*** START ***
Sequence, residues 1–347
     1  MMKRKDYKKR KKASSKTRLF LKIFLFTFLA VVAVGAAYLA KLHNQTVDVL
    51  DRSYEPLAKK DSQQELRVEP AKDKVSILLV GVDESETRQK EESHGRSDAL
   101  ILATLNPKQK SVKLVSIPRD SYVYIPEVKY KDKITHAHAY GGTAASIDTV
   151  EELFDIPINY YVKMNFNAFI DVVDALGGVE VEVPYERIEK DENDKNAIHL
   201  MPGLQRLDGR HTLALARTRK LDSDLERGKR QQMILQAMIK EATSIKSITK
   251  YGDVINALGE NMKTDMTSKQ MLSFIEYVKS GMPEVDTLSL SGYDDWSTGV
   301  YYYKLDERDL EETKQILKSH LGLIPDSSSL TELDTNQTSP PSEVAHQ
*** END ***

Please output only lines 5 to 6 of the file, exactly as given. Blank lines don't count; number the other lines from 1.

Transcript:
   151  EELFDIPINY YVKMNFNAFI DVVDALGGVE VEVPYERIEK DENDKNAIHL
   201  MPGLQRLDGR HTLALARTRK LDSDLERGKR QQMILQAMIK EATSIKSITK